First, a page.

RB: Generally speaking, the openSUSE project more and more is targeting the group of people we're calling "makers." In that case we're specifically talking about technical sysadmins, developers, and technical power users. That's where openSUSE typically aims. That obviously has a great appeal for Raspberry Pi. That's why openSUSE for Raspberry Pi makes so much sense to us.

SB: Pi is not a very powerful device for developers to compile or develop their applications?

RB: It's a very inexpensive device for someone who is targeting IoT, ARM or portable side of things.

SB: True, but why should someone go with openSUSE when there is Raspbian and other stripped down versions of Linux based operating systems for Pi?

RB: Most of those distributions target noobs, there is nothing wrong with that, but often by targeting that audience you expend a very large amount of energy on parts of the project which, in many respects, end up getting in the way when you start dealing with more technical aspects. You end up cutting out features because they're intimidating to noobs. You end up focusing entirely on that initial user experience and forgetting, okay, how does this thing actually work? In production? In the long term? All of that kind of thing.

It is very much openSUSE's typical strength, that we don't forget about the beginners. We want to appeal to them. We obviously need to get new blood into the project, but at the same time we want to be able to help them as they graduate from being a beginner to advanced users. Our core audience is definitely leaning on the more technical side of things. Our distribution is angled that way. We are tooled that way, so, having tools like YaST, which are both basic and incredibly powerful, at the same time as getting out of your way, so if you just want to be a lazy sys admin and get the job done, you've got YaST there to do that.

At the same time, users then want more fully fledged tooling. If you are actually developing on this stuff and want to be building packages, that's why we've got OBS and OpenQA, with a whole kind of openSUSE ecosystem around the tools. Which other distributions just don't have. That's why someone should try openSUSE Pi rather than Raspbian. Raspbian doesn't have this huge family of tools, all of which fully integrate on this platform just as it does on mainframes and Intel's x86 architecture.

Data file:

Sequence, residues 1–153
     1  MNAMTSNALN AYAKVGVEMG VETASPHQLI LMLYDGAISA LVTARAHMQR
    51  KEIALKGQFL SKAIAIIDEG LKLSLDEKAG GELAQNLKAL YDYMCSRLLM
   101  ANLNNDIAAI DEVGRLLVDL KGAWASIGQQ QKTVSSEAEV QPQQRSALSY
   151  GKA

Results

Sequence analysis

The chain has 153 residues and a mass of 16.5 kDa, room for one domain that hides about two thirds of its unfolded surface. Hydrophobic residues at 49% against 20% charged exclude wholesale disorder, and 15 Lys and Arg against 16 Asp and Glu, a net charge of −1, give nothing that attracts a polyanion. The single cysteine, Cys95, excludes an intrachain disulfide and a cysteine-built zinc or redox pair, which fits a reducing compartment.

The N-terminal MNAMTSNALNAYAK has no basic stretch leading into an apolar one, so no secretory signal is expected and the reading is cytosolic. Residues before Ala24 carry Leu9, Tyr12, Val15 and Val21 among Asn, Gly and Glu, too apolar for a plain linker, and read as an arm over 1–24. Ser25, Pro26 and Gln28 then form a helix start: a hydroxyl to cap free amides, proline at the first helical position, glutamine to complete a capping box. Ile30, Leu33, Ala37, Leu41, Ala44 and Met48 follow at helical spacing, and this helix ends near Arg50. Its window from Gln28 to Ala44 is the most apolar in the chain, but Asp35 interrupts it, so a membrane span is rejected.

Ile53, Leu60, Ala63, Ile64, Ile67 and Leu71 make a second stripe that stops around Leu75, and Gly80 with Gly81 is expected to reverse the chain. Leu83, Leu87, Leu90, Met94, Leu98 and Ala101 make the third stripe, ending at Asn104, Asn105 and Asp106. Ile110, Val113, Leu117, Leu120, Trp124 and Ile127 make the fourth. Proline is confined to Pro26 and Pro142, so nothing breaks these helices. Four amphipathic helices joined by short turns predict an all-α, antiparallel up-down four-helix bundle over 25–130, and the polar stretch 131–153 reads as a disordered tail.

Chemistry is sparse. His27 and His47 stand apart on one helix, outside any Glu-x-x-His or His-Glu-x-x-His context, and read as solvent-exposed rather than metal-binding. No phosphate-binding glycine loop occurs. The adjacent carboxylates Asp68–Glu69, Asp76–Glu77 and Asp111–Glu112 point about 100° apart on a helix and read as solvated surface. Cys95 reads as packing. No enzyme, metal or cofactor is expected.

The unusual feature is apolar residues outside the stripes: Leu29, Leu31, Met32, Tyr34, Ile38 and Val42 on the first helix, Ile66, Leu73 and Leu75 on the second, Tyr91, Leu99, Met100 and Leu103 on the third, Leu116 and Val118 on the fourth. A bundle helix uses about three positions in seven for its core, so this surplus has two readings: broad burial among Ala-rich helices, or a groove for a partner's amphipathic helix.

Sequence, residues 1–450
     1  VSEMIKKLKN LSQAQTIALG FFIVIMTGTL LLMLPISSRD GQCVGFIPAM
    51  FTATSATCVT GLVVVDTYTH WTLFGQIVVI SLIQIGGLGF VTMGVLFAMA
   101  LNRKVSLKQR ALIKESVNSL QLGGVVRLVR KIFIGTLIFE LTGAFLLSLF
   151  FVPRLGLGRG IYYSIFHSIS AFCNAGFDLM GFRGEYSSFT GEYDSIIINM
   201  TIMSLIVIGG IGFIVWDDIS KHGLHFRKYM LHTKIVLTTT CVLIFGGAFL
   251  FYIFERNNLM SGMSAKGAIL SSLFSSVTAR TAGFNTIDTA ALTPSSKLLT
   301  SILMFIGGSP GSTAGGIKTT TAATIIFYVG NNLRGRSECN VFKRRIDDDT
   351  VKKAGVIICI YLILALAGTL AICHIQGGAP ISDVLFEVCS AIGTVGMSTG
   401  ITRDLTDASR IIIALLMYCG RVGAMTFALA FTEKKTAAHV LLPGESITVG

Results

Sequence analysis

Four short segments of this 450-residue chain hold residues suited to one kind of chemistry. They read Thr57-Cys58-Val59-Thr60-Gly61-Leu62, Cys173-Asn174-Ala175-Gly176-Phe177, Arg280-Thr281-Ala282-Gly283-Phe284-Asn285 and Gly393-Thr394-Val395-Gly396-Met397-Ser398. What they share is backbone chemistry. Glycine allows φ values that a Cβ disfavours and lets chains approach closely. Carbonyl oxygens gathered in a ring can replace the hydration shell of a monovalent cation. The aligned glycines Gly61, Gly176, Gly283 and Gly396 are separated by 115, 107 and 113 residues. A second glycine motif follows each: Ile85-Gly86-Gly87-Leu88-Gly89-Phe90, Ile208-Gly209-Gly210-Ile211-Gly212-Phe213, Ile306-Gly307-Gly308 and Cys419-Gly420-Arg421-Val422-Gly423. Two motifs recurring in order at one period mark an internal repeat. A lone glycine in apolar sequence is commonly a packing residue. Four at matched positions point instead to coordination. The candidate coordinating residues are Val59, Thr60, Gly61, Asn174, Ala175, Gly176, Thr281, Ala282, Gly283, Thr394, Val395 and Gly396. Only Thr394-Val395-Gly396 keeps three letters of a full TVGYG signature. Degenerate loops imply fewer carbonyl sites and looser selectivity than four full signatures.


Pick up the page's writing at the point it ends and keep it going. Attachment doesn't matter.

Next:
SB: openSUSE is the first 64 bit operating system for Raspberry Pi, what are actual advantages for users? Why should they care about running a 64-bit operating system on Raspberry Pi?

RB: When you talk about 64-bit CPU, 64-bit processing in general, everybody focuses on the memory limit issue of 32-bit CPU which is limited to 4GB of RAM. When you're dealing with 64-bit it's up in the ridiculous numbers that I can't even remember where they are now.

However, that's irrelevant for the Raspberry Pi, but it's also a part of the story. It's a part that a lot of people forget, because when doing 64-bit computation, you're able to deal with larger numbers, larger arithmetic in a single command. When you're running the same task as a 32-bit processor, the same task as a 32-bit task, on a 64-bit OS in 64-bit instruction set, you're able to actually do more in a single transaction.

SB: Can you give a real life example that Raspberry Pi users can relate to?

RB: To aim for the basic side of things, a perfect example would be even basic encryption. Like an SSH transaction. Just logging in. Behind SSH there's a large amount of encryption going on, that's included lots of large numbers. In 32-bit what the CPU is having to do is quite often, do three or four different transactions to actually handle that initial handshake for SSH. In the 64-bit OS it can do it in a lot less commands. Therefore it does it a lot faster. That's where you get this, somewhere between 15% – 20% improvement, straight out of performance on, even basic stuff. By running 64-bit on 64-bit.

SB: openSUSE brags about upstream first, so are you working with the Raspberry Pi foundation or doing this on your own?

RB: Yes, we're working with the Pi foundation on this. A lot of the stuff that we've been doing we have been giving to them. In many cases, a lot of the enablement we've done has gone straight into the Linux kernel. We've basically upstreamed stuff which Raspbian hasn't been able to do.

SB: There are now three distributions from SUSE/openSUSE camp that are supported on Raspberry Pi 3: SLE, openSUSE Leap and openSUSE Tumbleweed. Which one is upstream? If there is a Raspberry Pi developer who wants their package in openSUSE what is the correct path for the package to find it's way into openSUSE?

RB: The correct path for any package to openSUSE would be via Tumbleweed. That's why we have the Tumbleweed images. In the case of the Tumbleweed images, we currently have two flavors of the Tumbleweed image. One of them which is effectively upstream based, so very close to what the upstream kernel is currently doing. With a few modifications for the parts we really had to get working, but generally speaking vanilla upstream stuff. The non-upstream kernel, which is the other way around, has a lot more in common with Leap and Raspbian style kernels. Which, yeah … So you can pick your poison. If you're dealing with kernel stuff, the upstream kernel one is the one you want to be working on obviously. If you just want something that works, you've got a bit more options with the non-upstream kernel.